Have you ever spent time in a place like the Grand Canyon? You’re surrounded by massive rock walls that silently display a history that you probably can’t even wrap your head around — millions of years of geological changes that helped to create the Earth as we know it. Besides leaving you in awe at the beauty and magnitude of what you’re seeing, you might have left wondering how the Earth was formed in the first place. We’ve done some sleuthing, and we’ve rounded up a few of the biggest events that were responsible for shaping the planet as we know it.

The Big Bang

The night sky covered in stars
Credit: weirick/ Unsplash

13.77 billion years ago

A very, very, very long time ago, the universe went from being a small and compact area no bigger than the size of your fist to a rapidly expanding space where galaxies, solar systems, planets, stars, and smaller celestial bodies formed. The Big Bang is a pretty complex theory to break down in just one entry within an article. But key takeaways include that the Big Bang took place some 13.77 billion years ago and that it represents when time, as we know it, began. Everything in our universe today from sizeable bodies to even the most microscopic of cosmic materials originated from this singular event.

Hadean Eon

4-4.6 billion years ago

We know you want to talk about Pangea and the dinosaurs. But before we can even get to those “recent” milestones, we need to talk about how Earth formed. The Hadean Eon is known as Earth’s formative years. During this era, the planet was literally taking shape as heavier metals like iron formed the planet’s core while lighter materials stayed closer to the surface to create the Earth’s crust. The Hadean Eon was also a tumultuous time for the planet as it was constantly getting hit by asteroids, comets, and other various flying objects. Depending on who you source, some scientists believe this is how essential components to life like water and DNA appeared on the planet.

The Giant Impact

Photo of part of the moon in the night sky
Credit: thomas_somme/ Unsplash

4.5 billion years ago

At this point, we have an Earth that’s forming, but it’s still not inhabitable. That is, until the moon appears on the scene. There’s a popular belief called the Giant Impact Hypothesis that says the moon was one of many items that crashed into the Earth during the Hadean Eon. But instead of making a head-on impact, the moon sort of ricocheted off the planet, and thanks to Earth’s stronger gravitational force, the moon was pulled into the Earth’s orbit. The main takeaways from the Giant Impact theory are:

  • The impact caused the Earth to tilt on its axis, which is why we have four seasons
  • The Moon’s orbit helped to slow down the Earth’s rotation to 24 hours

Ur and Vaalbara

3-3.6 billion years ago

Most people think that there was only one supercontinent on Earth, Pangea (also spelled Pangaea). But this isn’t the case. While we know that Pangea isn’t the Earth’s only supercontinent, there’s no formal consensus between geologists on which landmass preceded it. On the one hand, some experts believe that it was a small continent called Vaalbara that originated around 3.6 billion years ago before breaking apart 2.8 billion years ago.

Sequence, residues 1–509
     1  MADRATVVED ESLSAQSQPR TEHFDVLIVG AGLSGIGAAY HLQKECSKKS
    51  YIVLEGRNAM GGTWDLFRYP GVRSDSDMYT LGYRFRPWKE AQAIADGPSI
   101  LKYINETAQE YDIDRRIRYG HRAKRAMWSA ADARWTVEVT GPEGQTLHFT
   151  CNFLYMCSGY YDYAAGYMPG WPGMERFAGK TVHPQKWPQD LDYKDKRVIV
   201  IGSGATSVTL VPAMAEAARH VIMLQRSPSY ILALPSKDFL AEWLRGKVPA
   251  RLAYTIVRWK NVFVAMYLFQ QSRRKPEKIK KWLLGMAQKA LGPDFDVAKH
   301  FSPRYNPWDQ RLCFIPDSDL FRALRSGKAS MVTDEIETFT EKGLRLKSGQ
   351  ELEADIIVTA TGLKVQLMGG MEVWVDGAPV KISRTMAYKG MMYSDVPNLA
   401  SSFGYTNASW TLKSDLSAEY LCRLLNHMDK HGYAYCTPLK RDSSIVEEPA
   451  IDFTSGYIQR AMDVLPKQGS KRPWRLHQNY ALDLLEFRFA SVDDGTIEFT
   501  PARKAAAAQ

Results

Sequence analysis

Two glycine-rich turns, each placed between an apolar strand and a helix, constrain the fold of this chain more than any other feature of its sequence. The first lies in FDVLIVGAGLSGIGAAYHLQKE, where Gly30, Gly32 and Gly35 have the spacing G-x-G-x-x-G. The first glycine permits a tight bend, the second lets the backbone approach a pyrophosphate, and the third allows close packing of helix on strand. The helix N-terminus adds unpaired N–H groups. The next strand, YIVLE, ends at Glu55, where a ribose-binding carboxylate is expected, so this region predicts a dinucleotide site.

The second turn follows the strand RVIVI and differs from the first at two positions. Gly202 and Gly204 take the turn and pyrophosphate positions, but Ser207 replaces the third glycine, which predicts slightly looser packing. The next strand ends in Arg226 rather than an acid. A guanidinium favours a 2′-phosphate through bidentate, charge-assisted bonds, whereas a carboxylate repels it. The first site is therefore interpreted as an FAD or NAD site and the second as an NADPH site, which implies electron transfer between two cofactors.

Vaalbara’s remnants are said to exist between the Kaapval craton (a craton is the building block for a tectonic plate) in southern Africa and the Pilbara craton in northwestern Australia.

But like we said, not everyone agrees with the Vaalbara theory; another widely discussed supercontinent is Ur. Ur was formed roughly 3 billion years ago and managed to survive through the Pangea era until that supercontinent eventually broke into the continents we know today.

Snowball Events

Johns Hopkins Glacier and Mount Fairweather Range mountains
Credit: Maridav/ Shutterstock

580-750 million years ago

Climate change isn’t a modern issue; it’s been a concern throughout Earth’s history. Long before homo sapiens and their distant relatives were even a glimmer in evolution's eye, the Earth experienced several climate-change events that completely impacted life on the planet. In this case, we’re talking about an ice age gone overboard. Often referred to as “snowball events,” they reference extreme periods of glaciation when glaciers never recede and instead continue to creep further south. During each snowball event, the frigid temperatures and widespread ice lasted for 10 million years. But even during these frigid periods, it’s said that these eras helped to push forward the evolution of complex, multi-celled organisms.

Extinction Events

200-444 million years ago

It turns out that the dinosaurs being wiped out by an asteroid is by far not the only extinction event that the Earth has experienced. While that one tends to get all the interest, even slow-moving events like ice ages also took their toll on life. In truth, there have been five extinction events throughout Earth’s history, with some experts warning that we’ve already begun the slow progression towards our sixth extinction event.

Other events include the Ordovician Ordeal (444 million years ago), which wiped out 86% of known species; the Late Denovian (375 million years ago) that decimated 75% of known species; the Great Dying (251 million years ago) that wiped out 96% of known species; and End Triassic (200 million years ago), which killed 80% of the known species.

Of course, the most well-known extinction event took place at the end of the Cretaceous period and wiped out 76% of  species — including the dinosaurs. The Cretaceous and the Great Dying extinctions were caused by unexpected geological events such as volcanic eruptions or asteroids. The other three were due to naturally progressing climate change and unexpected changes caused by rapid evolution.